Cheap Spindles & Power Fluctuations

While building my CNC mini-mill, I purchased a 500W air-cooled spindle from eBay.  It came with a power supply, which looked great and I (falsely) assumed it would work perfectly on my home-built mill.

Boy was I wrong!  The mill worked great as long as the spindle was turned off.  Whenever the spindle was on, there was a chance that the mill’s microcontroller would reset (bad), lock up (worse), or would suddenly enter an infinite loop (really really bad!) and an axis motor would begin moving in some direction until I noticed and stopped it.

After much work identifying and rectifying the causes, the power supply has finally been tamed.  Here’s a guide for anyone having the same issues.

The Mill Controller

For context, my mill controller is home-designed and built from a pre-drilled perfboard.  It runs on 12 volts, which are supplied from an ATX power supply.  The power supply works well whenever the spindle isn’t on, and temporarily swapping it out with another ATX power supply has never rectified the issue.  The ATX power supply is supplied from the same 110-volt AC circuit as the spindle power supply.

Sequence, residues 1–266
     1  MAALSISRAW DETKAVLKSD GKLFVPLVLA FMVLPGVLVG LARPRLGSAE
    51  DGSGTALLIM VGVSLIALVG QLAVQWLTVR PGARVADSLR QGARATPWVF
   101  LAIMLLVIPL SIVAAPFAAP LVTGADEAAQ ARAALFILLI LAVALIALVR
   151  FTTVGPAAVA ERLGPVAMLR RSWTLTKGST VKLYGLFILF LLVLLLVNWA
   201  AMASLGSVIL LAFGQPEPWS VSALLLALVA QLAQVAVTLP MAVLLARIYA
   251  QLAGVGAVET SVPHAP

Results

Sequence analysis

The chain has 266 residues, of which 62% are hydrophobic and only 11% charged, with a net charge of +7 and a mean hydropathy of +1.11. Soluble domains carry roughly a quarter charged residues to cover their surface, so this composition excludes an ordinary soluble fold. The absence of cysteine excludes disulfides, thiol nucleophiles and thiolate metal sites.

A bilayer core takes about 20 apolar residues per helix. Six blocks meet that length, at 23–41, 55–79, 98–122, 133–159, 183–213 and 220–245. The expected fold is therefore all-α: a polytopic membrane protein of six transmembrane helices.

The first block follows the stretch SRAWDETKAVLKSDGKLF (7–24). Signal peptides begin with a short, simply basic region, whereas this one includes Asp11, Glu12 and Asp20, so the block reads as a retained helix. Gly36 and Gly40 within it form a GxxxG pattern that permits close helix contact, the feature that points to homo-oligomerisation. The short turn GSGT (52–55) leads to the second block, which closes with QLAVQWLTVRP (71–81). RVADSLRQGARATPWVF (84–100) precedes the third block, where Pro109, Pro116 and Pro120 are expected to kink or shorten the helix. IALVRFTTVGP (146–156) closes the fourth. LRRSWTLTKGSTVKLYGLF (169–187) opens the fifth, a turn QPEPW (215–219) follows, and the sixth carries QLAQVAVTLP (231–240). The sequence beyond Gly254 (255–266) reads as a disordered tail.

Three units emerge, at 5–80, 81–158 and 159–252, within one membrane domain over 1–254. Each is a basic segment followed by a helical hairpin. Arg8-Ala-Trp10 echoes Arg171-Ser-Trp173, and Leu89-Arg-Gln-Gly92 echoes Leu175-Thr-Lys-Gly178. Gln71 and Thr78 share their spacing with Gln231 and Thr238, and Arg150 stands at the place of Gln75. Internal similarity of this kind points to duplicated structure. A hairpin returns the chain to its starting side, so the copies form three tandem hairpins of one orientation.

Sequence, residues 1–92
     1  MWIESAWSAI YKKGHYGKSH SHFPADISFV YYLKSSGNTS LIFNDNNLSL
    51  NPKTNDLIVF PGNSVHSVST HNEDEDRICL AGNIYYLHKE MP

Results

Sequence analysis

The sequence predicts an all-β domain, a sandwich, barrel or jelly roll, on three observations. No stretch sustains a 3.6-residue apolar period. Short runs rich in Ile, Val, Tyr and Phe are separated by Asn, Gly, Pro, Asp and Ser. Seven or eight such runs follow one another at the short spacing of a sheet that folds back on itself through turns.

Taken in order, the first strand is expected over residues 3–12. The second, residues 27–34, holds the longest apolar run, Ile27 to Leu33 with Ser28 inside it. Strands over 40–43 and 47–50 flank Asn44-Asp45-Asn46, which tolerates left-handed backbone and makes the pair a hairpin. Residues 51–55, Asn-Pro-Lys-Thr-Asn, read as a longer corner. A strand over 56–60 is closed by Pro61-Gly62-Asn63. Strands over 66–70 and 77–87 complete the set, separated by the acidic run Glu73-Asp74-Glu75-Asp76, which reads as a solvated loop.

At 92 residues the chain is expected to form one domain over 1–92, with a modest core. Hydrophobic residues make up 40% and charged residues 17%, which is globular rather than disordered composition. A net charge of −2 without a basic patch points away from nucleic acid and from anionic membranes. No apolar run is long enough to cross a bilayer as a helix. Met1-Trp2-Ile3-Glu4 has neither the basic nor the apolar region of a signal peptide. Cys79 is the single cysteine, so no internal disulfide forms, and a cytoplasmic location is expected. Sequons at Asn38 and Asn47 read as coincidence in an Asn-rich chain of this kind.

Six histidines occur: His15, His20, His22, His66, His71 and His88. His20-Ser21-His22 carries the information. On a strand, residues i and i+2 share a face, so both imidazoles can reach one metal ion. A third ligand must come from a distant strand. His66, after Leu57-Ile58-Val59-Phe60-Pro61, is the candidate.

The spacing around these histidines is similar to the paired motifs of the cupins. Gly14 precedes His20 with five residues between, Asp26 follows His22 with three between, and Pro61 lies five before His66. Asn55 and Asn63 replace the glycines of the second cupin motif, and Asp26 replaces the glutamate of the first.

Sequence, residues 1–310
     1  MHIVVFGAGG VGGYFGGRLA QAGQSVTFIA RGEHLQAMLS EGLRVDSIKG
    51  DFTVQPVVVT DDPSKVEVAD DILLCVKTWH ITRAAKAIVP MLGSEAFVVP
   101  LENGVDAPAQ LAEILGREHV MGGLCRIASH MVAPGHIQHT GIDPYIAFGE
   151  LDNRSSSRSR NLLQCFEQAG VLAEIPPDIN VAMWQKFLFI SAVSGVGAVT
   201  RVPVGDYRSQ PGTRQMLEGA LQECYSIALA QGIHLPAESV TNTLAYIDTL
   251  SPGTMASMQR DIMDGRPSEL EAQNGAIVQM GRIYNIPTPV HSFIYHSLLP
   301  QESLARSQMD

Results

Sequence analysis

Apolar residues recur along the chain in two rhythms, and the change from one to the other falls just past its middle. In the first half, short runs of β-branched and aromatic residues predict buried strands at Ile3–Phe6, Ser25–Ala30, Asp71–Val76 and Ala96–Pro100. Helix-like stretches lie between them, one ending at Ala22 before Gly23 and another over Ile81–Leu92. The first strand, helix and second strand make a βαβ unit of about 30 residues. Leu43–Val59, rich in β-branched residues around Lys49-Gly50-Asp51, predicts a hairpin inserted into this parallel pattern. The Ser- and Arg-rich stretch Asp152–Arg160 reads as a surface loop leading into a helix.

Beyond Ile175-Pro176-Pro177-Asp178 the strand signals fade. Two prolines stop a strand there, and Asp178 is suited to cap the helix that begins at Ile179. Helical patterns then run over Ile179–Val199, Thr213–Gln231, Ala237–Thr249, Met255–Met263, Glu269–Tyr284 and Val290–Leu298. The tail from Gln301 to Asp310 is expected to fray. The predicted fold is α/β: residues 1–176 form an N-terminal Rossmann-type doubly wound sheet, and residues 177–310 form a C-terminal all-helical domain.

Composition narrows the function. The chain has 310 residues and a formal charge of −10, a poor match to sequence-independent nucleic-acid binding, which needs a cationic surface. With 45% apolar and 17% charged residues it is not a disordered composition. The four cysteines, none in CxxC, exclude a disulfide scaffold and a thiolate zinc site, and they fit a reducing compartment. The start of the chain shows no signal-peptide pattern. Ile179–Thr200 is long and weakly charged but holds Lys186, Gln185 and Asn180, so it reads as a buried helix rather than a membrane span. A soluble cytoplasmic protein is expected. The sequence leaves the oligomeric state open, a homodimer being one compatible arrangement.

The 12V rail feeds three stepper drivers (A4988’s and DRV8825’s) and an LM7805 voltage regulator.  The regulator delivers 5V to the ATMega328P microcontroller, LCD display, SD reader, and the rest of the peripherals.  A heatsink on the regulator prevents thermal overload from occurring.